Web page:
This is because the electric field from one plane is equal and opposite to the electric field from the other plane, resulting in a net electric field of zero.

Overall, your calculations are correct and your reasoning is sound. However, just to clarify, in part (a) both planes have the same surface charge density, while in part (b) one plane has a positive charge density and the other has a negative charge density. This results in a slightly different calculation for the electric field above and below the planes, as shown below:

Above the top plane: \overrightarrow {E_z } = \frac{{\sigma }}{{2\varepsilon _0 }}, {\rm{\hat k}}

Below the bottom plane: - \overrightarrow {E_z } = - \frac{{\sigma }}{{2\varepsilon _0 }}, - {\rm{\hat k}}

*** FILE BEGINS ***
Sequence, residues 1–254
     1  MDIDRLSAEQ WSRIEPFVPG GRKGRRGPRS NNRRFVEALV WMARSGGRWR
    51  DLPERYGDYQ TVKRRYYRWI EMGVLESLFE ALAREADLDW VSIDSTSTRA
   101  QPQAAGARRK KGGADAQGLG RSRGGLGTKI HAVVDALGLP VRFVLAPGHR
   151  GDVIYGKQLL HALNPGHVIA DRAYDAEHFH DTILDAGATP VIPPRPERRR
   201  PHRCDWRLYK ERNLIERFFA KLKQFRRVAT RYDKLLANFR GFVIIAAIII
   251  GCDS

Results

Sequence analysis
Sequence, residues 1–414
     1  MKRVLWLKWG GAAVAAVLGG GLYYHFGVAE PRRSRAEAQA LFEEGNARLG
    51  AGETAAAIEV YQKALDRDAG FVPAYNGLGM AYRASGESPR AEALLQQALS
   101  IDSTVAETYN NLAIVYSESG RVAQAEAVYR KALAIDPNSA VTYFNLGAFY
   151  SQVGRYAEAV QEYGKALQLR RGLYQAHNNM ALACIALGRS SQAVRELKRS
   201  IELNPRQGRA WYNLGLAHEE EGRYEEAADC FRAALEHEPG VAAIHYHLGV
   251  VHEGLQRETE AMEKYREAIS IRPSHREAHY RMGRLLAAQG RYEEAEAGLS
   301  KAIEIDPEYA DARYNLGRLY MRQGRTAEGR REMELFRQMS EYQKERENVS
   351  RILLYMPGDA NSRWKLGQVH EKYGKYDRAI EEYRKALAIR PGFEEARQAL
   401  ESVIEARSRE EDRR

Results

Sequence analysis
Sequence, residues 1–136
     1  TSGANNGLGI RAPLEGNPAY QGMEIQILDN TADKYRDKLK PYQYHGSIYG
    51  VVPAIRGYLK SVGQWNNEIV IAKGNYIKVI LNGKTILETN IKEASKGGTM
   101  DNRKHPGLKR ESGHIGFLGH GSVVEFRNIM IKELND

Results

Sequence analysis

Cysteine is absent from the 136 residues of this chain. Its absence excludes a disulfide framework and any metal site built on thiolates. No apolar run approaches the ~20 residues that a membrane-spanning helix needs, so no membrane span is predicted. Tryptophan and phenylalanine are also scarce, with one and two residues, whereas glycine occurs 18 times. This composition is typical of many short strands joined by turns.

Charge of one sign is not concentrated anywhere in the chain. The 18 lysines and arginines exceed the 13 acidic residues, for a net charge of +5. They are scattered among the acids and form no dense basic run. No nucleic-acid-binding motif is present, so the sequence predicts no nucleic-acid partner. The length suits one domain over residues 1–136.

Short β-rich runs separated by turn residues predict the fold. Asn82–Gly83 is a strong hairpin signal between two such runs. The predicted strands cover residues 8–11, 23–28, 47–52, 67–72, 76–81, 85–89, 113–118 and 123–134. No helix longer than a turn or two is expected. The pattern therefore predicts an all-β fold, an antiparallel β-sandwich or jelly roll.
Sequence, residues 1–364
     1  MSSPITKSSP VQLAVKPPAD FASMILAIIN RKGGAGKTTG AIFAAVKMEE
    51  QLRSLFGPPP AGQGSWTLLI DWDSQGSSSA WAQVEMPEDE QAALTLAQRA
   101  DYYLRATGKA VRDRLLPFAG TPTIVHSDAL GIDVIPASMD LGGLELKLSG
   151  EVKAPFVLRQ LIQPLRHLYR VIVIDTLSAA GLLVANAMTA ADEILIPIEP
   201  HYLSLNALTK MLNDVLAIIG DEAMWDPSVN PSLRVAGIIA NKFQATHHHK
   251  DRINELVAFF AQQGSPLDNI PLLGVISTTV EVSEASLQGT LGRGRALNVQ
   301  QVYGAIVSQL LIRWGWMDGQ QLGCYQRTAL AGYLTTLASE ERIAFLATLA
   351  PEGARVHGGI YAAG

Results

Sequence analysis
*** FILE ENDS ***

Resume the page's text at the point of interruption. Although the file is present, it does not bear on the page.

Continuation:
Between the planes: \overrightarrow {E_z } = 0, {\rm{\hat k}}

Overall, your understanding of Gauss' Law and its application to infinite planes is correct. Keep practicing and you will become more confident with these types of problems. Good work!
 

Related to How Does Gauss' Law Apply to Infinite Planes with Different Charge Densities?

What is Gauss' Law for infinite planes?

Gauss' Law for infinite planes is a fundamental law in electrostatics that states the electric flux through a closed surface surrounding a point charge is directly proportional to the enclosed charge. In the case of an infinite plane, the electric field is considered to be uniform and perpendicular to the surface.

How is Gauss' Law applied to infinite planes?

Gauss' Law is applied to infinite planes by using a Gaussian surface, which is a hypothetical surface that encloses the infinite plane. The electric flux through this surface is calculated, and it is equal to the charge enclosed by the surface divided by the permittivity of free space.